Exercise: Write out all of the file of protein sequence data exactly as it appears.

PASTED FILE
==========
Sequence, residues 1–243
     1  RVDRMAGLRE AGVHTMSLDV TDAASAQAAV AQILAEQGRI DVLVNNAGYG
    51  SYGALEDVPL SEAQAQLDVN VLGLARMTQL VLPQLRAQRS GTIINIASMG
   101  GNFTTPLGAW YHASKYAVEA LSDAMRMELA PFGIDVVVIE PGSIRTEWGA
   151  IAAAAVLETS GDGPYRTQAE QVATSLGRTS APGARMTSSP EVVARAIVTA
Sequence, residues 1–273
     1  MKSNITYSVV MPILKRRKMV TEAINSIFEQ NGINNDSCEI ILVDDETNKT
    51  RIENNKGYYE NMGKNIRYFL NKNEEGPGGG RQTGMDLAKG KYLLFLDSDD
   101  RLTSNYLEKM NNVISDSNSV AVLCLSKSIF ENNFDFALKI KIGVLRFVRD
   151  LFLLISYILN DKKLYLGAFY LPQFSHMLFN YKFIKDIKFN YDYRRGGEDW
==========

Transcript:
Sequence, residues 1–243
     1  RVDRMAGLRE AGVHTMSLDV TDAASAQAAV AQILAEQGRI DVLVNNAGYG
    51  SYGALEDVPL SEAQAQLDVN VLGLARMTQL VLPQLRAQRS GTIINIASMG
   101  GNFTTPLGAW YHASKYAVEA LSDAMRMELA PFGIDVVVIE PGSIRTEWGA
   151  IAAAAVLETS GDGPYRTQAE QVATSLGRTS APGARMTSSP EVVARAIVTA
Sequence, residues 1–273
     1  MKSNITYSVV MPILKRRKMV TEAINSIFEQ NGINNDSCEI ILVDDETNKT
    51  RIENNKGYYE NMGKNIRYFL NKNEEGPGGG RQTGMDLAKG KYLLFLDSDD
   101  RLTSNYLEKM NNVISDSNSV AVLCLSKSIF ENNFDFALKI KIGVLRFVRD
   151  LFLLISYILN DKKLYLGAFY LPQFSHMLFN YKFIKDIKFN YDYRRGGEDW